How Saudi Arabia fixed its cash crunch

Almost every trader outside of Saudi Arabia was convinced that the kingdom was close to devaluing its currency


Saudi King Salman bin Abdulaziz. Government expenditure fell in 2016, which should help keep intact fiscal targets. Photo: Reuters
Saudi King Salman bin Abdulaziz. Government expenditure fell in 2016, which should help keep intact fiscal targets. Photo: Reuters

In an interview in Davos last month, Saudi Arabia’s central bank governor, Ahmed Alkholifey, announced that the cash crunch that squeezed commercial lenders last year is over.

He’s correct. Total deposits in the banking system showed an improvement from mid-2016, rising to 0.8% year-on-year in December compared with a year earlier. The Saudi Arabian monetary authority has done its job by intervening twice in 2016. And in February 2016 it increased the loan-to-deposit ratio from 85% to 90% to increase liquidity. By that time, its three-month interbank rate had reached a seven-year high. Equally critically, bets for a devaluation of the riyal reached their highest in about two decades in January 2016, even after the authorities had pledged to keep its currency peg. Almost every trader outside of Saudi Arabia was convinced that the kingdom was close to devaluing its currency or even depegging.

The fuel to the devaluation debate had two elements. First, the 2015 fiscal deficit had reached an all-time high of 15% of gross domestic product and a runaway deficit was anticipated for 2016. Second, markets were worried that high spending would diminish the country’s foreign reserve cushion within less than five years. In 2015, foreign reserves managed by the central bank fell by $116 billion and at this rate the decline would encroach into the reserve apportioned to support the currency.

All looked perilously difficult as oil revenue fell, government spending came to a halt, government arrears to the private sector (especially contractors) remained unpaid, liquidity was scant and confidence declined. The currency debate was dire for businesses that couldn’t price risk and capital outflows continued. By the first half of 2016, Vision 2030, an ambitious road map for restructuring the economy from state-driven to private-sector-led, was announced. It was followed by the 2020 National Transformation Plan, tasked with fulfilling the vision and identifying the challenges faced by government bodies in the economic and development sectors.

By early summer of 2016, Saudi banks’ combined loans-to-deposit ratio, a key measure of liquidity, climbed to 90.2% in June, the highest since November 2008, according to central bank data. Demand for private-sector credit was strong and rising borrowing costs have proved debilitating for non-oil growth.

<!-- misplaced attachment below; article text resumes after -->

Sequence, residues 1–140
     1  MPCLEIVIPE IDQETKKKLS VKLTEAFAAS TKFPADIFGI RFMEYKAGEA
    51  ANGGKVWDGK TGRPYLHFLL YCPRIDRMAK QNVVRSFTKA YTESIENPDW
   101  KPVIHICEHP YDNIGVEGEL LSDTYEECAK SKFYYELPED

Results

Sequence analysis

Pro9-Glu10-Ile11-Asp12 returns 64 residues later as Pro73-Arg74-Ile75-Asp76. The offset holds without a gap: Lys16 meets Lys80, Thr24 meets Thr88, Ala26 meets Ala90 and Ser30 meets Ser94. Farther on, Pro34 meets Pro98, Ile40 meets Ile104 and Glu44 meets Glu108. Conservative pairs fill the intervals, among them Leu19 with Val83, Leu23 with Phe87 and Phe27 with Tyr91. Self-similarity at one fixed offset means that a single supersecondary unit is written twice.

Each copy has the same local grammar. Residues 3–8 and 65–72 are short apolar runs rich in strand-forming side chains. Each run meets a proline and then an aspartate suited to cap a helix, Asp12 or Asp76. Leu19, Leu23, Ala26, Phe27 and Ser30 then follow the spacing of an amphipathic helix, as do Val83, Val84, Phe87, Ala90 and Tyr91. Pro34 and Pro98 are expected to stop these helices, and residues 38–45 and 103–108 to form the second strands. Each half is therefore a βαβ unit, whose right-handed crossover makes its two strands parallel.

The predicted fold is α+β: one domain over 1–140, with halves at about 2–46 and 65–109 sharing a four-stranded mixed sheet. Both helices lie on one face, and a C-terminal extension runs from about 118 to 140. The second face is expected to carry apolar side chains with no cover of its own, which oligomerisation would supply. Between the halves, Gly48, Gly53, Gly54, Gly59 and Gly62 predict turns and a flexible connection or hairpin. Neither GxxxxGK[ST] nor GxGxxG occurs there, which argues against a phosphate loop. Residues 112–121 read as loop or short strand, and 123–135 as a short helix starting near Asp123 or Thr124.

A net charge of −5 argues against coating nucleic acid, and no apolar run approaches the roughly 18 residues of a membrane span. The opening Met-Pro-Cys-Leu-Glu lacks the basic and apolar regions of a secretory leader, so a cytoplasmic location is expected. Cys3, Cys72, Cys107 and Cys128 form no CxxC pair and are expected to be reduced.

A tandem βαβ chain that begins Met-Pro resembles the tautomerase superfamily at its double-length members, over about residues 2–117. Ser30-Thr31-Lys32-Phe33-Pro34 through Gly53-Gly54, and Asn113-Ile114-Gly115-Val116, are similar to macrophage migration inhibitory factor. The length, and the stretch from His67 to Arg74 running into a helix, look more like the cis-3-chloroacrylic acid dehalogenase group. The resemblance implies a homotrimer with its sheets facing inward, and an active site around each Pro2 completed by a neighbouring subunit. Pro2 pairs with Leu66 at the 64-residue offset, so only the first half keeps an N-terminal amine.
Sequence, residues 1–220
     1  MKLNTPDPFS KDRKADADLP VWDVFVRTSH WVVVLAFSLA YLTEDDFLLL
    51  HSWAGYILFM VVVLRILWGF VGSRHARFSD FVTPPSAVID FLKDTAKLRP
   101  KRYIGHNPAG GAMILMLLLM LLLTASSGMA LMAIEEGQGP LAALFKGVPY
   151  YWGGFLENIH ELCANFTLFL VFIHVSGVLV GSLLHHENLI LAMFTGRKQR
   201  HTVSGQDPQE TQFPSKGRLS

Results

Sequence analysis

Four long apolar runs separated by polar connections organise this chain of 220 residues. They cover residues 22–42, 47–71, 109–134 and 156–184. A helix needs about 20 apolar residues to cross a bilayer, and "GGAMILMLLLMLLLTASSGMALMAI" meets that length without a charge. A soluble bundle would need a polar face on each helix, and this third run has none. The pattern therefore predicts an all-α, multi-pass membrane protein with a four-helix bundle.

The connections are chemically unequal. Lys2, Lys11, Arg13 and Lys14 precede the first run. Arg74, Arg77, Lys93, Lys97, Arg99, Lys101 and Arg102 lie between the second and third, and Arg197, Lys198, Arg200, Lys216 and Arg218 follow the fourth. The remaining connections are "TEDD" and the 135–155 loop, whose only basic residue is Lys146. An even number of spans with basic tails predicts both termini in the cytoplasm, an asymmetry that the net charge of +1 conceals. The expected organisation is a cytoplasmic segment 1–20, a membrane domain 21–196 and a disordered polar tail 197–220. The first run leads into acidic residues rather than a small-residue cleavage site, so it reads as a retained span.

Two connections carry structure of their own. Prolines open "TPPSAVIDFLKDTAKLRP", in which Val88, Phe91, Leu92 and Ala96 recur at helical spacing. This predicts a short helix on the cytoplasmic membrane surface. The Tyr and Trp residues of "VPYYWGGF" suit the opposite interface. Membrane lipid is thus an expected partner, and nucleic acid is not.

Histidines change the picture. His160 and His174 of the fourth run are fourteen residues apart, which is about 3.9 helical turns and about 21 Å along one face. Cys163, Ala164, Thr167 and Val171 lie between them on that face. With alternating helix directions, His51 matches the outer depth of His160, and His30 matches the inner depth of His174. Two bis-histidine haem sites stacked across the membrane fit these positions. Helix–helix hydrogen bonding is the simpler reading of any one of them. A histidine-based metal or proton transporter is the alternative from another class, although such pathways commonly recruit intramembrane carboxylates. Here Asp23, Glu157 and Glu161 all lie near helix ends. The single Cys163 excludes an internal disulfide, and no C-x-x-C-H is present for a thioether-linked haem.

As a result, in June 2016, the central bank had to intervene more concretely to prop up liquidity in the banking system. It offered domestic lenders about 15 billion riyals ($4 billion) in short-term loans at a discounted rate. Along with providing liquidity and easing rules on lending, the Saudi Arabian Monetary Authority (Sama) became particularly vigilant regarding banks that were low-balling interest-rate submissions.

By October 2016, the authorities had made good on a promise to sell the kingdom’s first international bond, a $17.5 billion offering that was the largest from an emerging-market nation. Also, repaying debts and disbursing about $27 billion in November and December, to contractors and businesses, helped abate the liquidity squeeze. The central bank had won, bringing down borrowing rates by more than 40 basis points. The loan-to-deposit ratio fell to below 88% and is gradually falling; excess bank reserves are at a very healthy 10% of GDP. Government expenditure fell in 2016, which should help keep intact fiscal consolidation targets. The pace of foreign-reserves drawdown decelerated and ended 2016 at $80 billion.

What to expect going forward? Because 2016 was the year of fiscal consolidation and transformative announcements, markets will be looking for opportunities. Green shoots are appearing. The non-oil economy is expected to pick up from nearly zero growth last year. The latest purchasing managers’ index indicated the return of some growth: It rose to 56.7 last month from 55.5 in December. A level above 50 means business is expanding.

Growth-boosting measures as well as investments in renewable energy and a stimulus package, totaling $53 billion, in support of the private sector will begin to make their imprint in this year’s economy. Saudi Arabia will start soliciting bids in the next few weeks for the first phase of a “massive” renewable-energy programme costing $30 billion to $50 billion. On the fiscal side, consolidating is prudent but capital spending is important and will focus more on health and education and sufficient infrastructure projects to spur private sector activity. Debt capital markets will do well this year. There will be less local debt issued, in order to suck out much needed liquidity, and more sovereign debt issued internationally to fill the fiscal gap. This should help generate a natural yield-curve and will spur companies to issue more and better priced paper, Saudi Aramco being the latest participant. Saudi Aramco’s bond is a harbinger of its 2018 IPO and in line with its open-book policy.

The country could also sell sukuk with different maturities. Long-duration sukuk debt would be in demand from Shariah-compliant investors.

The inclusion of Saudi securities in the MSCI emerging market index over the next year or more will help equities perform better than some of their peers and delink them more from oil. As the Saudi reform story deepens, healthcare, petrochemicals, transport, food and general services should perform well this year. Bloomberg

John Sfakianakis is director of economic research at the Gulf Research Center.

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